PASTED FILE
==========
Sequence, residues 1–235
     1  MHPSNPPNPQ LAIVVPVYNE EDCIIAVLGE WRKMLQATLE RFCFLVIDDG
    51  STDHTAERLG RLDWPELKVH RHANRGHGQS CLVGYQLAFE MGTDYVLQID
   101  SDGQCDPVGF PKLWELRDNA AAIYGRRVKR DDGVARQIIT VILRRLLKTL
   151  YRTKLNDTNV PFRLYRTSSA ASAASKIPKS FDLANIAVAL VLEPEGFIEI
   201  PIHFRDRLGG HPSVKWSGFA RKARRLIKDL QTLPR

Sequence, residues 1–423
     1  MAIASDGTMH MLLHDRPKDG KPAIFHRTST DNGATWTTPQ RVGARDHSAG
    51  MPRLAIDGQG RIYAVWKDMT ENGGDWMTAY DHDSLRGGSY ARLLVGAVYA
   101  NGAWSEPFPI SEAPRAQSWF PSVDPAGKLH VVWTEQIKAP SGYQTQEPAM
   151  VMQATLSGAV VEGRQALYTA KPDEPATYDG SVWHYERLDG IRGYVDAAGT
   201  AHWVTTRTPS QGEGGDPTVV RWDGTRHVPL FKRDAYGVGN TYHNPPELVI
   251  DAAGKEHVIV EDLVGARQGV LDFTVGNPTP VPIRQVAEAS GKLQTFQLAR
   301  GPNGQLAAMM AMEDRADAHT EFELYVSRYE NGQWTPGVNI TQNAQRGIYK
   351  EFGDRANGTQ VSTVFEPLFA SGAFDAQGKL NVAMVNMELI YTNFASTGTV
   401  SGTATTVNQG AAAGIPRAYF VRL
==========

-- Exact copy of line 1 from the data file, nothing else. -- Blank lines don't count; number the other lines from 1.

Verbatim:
Sequence, residues 1–235